Last summer, Apple and IBM announced a partnership to develop hundreds of new business applications exclusively for iOS devices. The fruits of the partnership, which were released this morning, include a handful of productivity and sales applications that could compete with a thriving category of startups selling software to brick-and-mortar retailers.
Consider the “Pick and pack” application, a service aimed at helping retailers manage the growing demand for in-store pickup functionality. Built on a retailer’s store inventory data, the app allows salespeople to create a list of items need for in-store pickup and then uses beacons to provide in-store navigation to each product throughout the store.
The firms also released a sales management tool for the iPad intended to help salespeople manage the sales process and upsell shoppers on additional goods . The app, called Sales Assist, ties into a retailer’s CRM and uses to Apple iBeacon to identify and locate shoppers, who presumably have downloaded the retailers app, in store. During the sales process, the application provides data on past purchases, suggests recommended items, locates items in store, and allows salesperson to ship an out-of-stock item to customer.
“Retailers must go beyond just deploying mobile devices and introduce a new breed of mobile applications that incorporate the operational and analytical components necessary to truly enable meaningful consumer and employee interactions,” Jill Puleri, global retail industry leader at IBM Global Business Solutions said in a release.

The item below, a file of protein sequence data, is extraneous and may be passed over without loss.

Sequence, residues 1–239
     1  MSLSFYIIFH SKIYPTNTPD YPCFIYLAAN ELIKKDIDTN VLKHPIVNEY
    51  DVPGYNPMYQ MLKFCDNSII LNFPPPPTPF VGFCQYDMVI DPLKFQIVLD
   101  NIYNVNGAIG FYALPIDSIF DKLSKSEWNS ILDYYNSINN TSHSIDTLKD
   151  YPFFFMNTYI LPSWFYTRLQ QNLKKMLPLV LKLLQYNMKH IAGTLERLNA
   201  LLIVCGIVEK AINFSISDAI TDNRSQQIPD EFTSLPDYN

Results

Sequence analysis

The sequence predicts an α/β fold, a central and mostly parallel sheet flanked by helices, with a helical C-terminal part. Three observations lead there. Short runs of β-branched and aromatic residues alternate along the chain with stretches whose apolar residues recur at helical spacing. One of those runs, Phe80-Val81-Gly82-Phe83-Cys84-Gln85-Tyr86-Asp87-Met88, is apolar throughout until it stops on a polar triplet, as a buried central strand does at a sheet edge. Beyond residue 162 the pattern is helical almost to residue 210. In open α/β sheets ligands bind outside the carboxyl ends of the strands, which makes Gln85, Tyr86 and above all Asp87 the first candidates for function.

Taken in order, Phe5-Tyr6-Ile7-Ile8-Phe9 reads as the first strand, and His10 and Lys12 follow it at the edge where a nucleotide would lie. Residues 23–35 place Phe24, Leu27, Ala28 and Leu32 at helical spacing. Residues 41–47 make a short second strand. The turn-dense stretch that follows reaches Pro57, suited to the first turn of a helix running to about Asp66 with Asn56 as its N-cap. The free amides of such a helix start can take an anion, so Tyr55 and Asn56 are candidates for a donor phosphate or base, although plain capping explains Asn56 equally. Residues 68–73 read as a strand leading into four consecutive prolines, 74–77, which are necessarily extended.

The applications undoubtedly pick up on some exciting themes in retail, but will face many of the same roadblocks facing the startup community. The most pressing issue is that both the sales and store pick-up service rely on fairly advanced back-office systems to supply the data to drive the applications — software that many retailers have yet to implement.
IBM has remained surprisingly quiet as the business software market for brick-and-mortar companies has exploded. The company’s Rival Oracle paid $5.3 billion earlier this year to acquire point-of-sale firm Micros. Meanwhile, cloud computing upstarts have started to push beyond small business to serve the larger brands that form the foundation of the legacy firm’s customer base. In September, Revel Systems scored a deal to provide point-of-sale software to the Smoothie King, a 700-location franchise.
Don’t be surprised if the century-old firm acquires one of the many cloud-based point-of-sale firms.
Steven Jacobs is Street Fight’s deputy editor.